where R is the ideal gas constant, T is the temperature, and F is the Faraday constant. The role of Vm is different in excitable and non-excitable cells.

Excitable cells, such as neurons and muscle fibers, function primarily by rapid changes in Vm that are followed by an immediate return to the resting Vm. The role of Vm in non-excitable cells is not as clear. There is, however, an increasing body of knowledge that suggests that Vm may have important regulatory roles in non-excitable cells.

It is known that different tissues have different resting Vm values, and abnormal tissues, such as cancer and wounds, have Vm values that are vastly different from those of the corresponding normal tissues. The Vm of adipose tissue is also vastly different from those of normal tissues. Some examples of the differences in Vm between normal and abnormal tissues include the following:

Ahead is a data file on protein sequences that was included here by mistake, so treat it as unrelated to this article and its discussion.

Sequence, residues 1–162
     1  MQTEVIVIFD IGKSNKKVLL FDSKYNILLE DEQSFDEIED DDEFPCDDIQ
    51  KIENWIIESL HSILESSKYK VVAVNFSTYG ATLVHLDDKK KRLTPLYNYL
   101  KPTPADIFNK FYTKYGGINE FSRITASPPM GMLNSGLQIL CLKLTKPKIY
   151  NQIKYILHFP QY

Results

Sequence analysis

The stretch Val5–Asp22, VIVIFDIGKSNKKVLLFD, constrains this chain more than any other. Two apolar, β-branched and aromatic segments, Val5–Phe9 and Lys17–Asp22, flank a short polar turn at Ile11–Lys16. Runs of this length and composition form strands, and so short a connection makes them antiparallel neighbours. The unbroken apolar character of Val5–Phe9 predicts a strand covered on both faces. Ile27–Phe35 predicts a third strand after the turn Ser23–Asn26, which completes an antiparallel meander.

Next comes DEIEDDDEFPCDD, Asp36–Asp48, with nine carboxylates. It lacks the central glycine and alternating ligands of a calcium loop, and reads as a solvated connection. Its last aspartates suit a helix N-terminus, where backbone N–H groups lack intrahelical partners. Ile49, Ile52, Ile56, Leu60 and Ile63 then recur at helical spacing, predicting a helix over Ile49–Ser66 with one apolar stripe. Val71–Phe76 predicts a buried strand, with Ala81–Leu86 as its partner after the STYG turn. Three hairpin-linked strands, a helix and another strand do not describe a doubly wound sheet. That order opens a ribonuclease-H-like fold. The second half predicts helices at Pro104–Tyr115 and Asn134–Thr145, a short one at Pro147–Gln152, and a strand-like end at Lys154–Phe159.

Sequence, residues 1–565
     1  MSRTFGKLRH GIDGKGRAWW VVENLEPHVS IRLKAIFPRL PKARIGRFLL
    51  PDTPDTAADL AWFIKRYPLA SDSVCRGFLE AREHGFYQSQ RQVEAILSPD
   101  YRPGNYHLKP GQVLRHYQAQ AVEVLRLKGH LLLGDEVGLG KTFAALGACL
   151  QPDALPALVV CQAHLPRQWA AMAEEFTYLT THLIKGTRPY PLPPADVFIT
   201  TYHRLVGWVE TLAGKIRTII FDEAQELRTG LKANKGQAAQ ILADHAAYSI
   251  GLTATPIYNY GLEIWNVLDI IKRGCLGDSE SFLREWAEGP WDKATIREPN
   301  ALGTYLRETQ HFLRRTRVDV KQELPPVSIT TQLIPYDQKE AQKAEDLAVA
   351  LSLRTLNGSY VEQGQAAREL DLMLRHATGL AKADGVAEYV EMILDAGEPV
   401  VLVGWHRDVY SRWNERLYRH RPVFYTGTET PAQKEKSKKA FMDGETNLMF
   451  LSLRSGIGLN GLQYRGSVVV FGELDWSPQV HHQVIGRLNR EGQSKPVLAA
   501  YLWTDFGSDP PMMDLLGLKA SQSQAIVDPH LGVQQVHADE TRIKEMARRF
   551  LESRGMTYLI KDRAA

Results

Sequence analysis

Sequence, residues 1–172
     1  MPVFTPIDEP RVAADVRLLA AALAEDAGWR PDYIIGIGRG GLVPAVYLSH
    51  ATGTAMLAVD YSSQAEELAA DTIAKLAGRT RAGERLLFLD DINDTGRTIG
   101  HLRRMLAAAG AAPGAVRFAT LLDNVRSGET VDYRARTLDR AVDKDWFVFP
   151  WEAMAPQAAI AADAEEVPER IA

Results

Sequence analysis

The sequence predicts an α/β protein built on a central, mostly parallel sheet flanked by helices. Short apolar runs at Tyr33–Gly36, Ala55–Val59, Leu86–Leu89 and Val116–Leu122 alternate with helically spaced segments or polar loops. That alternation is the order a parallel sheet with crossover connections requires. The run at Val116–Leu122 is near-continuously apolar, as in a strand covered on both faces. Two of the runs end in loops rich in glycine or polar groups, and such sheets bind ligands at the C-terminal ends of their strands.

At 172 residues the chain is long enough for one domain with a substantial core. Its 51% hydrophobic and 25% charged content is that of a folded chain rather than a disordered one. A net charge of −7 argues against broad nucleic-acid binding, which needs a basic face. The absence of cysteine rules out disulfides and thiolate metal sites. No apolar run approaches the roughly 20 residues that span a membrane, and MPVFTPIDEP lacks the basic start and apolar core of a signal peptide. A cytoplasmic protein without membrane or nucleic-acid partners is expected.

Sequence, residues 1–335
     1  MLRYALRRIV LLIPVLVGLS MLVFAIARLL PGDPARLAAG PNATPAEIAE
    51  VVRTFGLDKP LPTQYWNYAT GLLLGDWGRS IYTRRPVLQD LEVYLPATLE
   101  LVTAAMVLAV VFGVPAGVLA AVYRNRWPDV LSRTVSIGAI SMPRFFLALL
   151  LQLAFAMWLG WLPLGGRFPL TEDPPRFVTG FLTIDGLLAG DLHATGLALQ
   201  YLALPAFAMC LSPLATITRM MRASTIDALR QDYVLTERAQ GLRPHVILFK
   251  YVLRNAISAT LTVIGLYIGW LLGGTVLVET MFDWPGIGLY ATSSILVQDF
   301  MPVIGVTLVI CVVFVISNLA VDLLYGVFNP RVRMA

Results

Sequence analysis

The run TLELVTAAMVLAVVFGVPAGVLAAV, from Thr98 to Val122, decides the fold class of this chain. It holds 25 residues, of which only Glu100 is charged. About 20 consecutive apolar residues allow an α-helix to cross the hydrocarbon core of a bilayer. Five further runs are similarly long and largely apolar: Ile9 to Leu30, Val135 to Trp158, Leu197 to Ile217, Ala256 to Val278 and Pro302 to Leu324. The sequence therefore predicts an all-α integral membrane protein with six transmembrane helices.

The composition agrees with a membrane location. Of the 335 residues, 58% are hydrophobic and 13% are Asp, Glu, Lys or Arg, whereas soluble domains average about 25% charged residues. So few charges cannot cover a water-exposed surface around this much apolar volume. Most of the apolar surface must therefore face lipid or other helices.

• The Vm of cells in proliferating breast cancer is more depolarized than cells in normal breast tissue (Marino et al., 1994);
  • The Vm of proliferating hepatocellular carcinoma cells is more depolarized than normal hepatocytes (Binggeli and Cameron, 1980; Stevenson et al., 1989);
  • The Vm of cells in proliferating, neoplastic adrenocortical tissue is more depolarized than cells in normal adrenocortical tissue (Lymangrover et al., 1975);
  • The Vm of proliferating fibrosarcoma cells is more depolarized than normal fibroblasts (Binggeli and Weinstein, 1985);
  • The Vm of cells in proliferating skin cancer is more depolarized than benign skin cells (Melczer and Kiss, 1957; Woodrough et al., 1975);
  • The Vm of cells in proliferating ovarian cancer cells is more depolarized than normal ovarian cells (Redmann et al., 1972); and
  • The Vm of adipocytes, at 34 mV, is significantly more depolarized than other cells in normal human tissue (Al-Hilli and Willander, 2009).